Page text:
Here’s the Chinese government’s step-by-step guide to becoming a ‘living Buddha’

A young monk looks at a poster of the Dalai Lama at a sidewalk stand in Dharamsala, India, on March 10, 2014.

A young monk looks at a poster of the Dalai Lama at a sidewalk stand in Dharamsala, India, on March 10, 2014.

(Carolyn Cole / Los Angeles Times)

The Communist Party bureaucracy has managed to work its way into almost all aspects of life -- and now even the afterlife-- in China.

In order to gain greater control over Tibet, the officially atheist party has taken over the process of designating the leadership of Tibetan Buddhism -- including the next Dalai Lama. The State Religious Affairs Bureau now determines which Buddhists will be reincarnated, and more importantly, who will become a "living Buddha," an earthly incarnation of Buddha.

Buddhist spiritual leaders, of course, have their own way of explaining the process of reincarnation and the development of "teachers." But the Chinese bureaucracy is reluctant to leave things to chance--too many chances, the government worries, for imposters. In January, it was announced that an online database has been created, containing the names, photos and details of some 870 verified incarnations of Buddha.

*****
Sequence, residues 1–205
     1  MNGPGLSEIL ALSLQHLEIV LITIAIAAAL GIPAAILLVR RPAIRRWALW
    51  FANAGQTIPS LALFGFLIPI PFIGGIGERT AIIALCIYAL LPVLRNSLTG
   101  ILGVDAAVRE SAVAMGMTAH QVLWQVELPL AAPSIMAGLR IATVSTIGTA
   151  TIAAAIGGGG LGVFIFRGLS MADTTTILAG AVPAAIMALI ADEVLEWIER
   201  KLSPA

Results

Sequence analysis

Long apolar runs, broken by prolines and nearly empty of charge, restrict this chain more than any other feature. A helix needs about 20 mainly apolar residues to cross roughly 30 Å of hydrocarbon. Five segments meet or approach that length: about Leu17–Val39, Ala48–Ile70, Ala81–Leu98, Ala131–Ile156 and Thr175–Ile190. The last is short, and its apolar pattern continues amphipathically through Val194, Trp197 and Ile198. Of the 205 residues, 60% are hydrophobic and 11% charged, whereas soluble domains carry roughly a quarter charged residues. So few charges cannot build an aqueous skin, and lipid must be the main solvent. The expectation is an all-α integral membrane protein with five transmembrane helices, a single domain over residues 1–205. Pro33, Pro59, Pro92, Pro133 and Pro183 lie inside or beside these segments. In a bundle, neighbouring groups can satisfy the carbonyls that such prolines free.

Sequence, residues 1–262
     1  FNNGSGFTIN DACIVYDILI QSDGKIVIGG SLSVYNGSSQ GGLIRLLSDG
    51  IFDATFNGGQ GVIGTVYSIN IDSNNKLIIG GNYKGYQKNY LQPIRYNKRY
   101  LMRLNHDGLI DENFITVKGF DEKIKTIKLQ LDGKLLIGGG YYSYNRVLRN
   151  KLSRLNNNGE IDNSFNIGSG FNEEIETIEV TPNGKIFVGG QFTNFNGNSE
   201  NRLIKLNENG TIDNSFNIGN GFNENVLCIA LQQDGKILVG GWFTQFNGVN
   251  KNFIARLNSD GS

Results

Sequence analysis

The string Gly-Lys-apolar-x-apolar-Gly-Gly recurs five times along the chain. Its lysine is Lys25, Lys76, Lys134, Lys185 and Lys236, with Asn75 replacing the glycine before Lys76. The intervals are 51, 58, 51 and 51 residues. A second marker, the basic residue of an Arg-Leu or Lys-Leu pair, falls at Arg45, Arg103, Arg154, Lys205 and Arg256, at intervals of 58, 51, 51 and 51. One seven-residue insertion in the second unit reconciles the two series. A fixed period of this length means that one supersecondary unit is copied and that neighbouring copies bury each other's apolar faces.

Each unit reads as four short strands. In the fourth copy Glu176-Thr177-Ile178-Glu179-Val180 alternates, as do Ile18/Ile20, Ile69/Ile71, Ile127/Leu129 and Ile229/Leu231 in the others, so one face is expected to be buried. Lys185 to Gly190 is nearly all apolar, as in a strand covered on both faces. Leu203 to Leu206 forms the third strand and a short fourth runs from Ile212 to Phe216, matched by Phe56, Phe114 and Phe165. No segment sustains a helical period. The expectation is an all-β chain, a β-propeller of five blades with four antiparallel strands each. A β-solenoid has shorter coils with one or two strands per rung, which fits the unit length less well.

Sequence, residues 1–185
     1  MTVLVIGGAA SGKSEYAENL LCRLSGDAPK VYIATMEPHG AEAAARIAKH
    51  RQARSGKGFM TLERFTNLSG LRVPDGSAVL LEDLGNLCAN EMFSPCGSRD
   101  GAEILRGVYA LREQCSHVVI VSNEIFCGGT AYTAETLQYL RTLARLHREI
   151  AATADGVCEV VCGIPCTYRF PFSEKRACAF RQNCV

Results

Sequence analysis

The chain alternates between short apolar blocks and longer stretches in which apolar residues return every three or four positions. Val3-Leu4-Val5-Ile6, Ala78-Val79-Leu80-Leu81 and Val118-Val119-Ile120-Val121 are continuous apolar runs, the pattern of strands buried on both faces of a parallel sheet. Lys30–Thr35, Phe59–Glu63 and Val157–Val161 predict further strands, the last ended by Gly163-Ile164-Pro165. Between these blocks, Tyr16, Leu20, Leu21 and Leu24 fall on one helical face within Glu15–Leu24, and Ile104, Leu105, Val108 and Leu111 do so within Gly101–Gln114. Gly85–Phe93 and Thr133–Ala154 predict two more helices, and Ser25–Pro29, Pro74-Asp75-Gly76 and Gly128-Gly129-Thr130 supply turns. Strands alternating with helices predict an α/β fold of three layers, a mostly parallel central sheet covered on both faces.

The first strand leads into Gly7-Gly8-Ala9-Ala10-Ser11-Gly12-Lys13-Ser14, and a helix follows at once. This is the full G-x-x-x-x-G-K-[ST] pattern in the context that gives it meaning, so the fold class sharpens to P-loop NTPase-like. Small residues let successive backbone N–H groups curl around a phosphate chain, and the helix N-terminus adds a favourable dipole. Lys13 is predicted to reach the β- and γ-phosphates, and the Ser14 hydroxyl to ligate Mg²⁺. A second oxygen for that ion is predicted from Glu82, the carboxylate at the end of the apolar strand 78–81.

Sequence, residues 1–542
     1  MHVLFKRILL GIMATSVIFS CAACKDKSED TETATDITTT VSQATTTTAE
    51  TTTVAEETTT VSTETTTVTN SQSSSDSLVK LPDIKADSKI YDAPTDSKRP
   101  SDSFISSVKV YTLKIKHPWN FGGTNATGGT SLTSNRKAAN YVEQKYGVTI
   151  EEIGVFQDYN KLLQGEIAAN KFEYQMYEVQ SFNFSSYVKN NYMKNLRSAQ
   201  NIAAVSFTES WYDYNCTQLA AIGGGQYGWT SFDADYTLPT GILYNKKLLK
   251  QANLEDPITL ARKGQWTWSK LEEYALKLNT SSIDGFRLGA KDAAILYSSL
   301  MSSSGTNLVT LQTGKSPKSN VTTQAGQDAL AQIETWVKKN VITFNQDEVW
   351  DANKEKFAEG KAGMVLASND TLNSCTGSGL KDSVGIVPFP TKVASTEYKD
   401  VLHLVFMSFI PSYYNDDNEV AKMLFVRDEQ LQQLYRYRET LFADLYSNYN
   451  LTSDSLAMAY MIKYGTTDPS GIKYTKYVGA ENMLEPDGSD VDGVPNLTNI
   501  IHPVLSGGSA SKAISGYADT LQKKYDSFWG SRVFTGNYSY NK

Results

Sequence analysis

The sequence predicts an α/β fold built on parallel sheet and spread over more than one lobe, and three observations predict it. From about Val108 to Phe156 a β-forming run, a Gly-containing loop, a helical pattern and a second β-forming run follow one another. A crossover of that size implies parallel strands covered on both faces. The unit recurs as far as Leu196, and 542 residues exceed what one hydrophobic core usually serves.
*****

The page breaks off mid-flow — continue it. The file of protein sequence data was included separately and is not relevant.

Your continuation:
How do you get on the list? Bureau Order No. 5 lays out the roadmap for becoming a living Buddha. Here, in 10 easy steps, is the path up the earthly ladder:

For any aspiring living Buddha’s community — “a majority of local religious believers” and his monastery’s management organization — must request his reincarnation (It helps to be a man, as the vast majority of Living Buddhas are).

He must specify his “inheritance lineage,” his connection to past lines of teachers and disciples, and this must be widely recognized as legitimate.

The monk must be registered to a monastery, which must be government-approved and “have the ability to train and raise living Buddhas.”

The monastery’s management must submit a reincarnation application to local religious authorities.

Those officials will review the application, then pass it on to higher authorities for approval. Monks who have a “relatively large impact” must be approved by provincial authorities; those with a “great impact” must be approved by national religious authorities; those with a “particularly great impact” must be approved at the highest levels of government.

If there’s any debate over the “size of a living Buddha’s impact,” an official Buddhist Assn. may be asked to weigh in on the matter.

If the reincarnation application is approved, monastery management and/or a Buddhist Assn. — one whose rank is commensurate with the monk’s importance — must establish a “ reincarnation guidance team” to search for a “reincarnate soul child.”

The reincarnate soul child must be reported to — and approved by — religious authorities.

The authorities will issue the applicant with a “living Buddha permit.”

The reincarnation may proceed.

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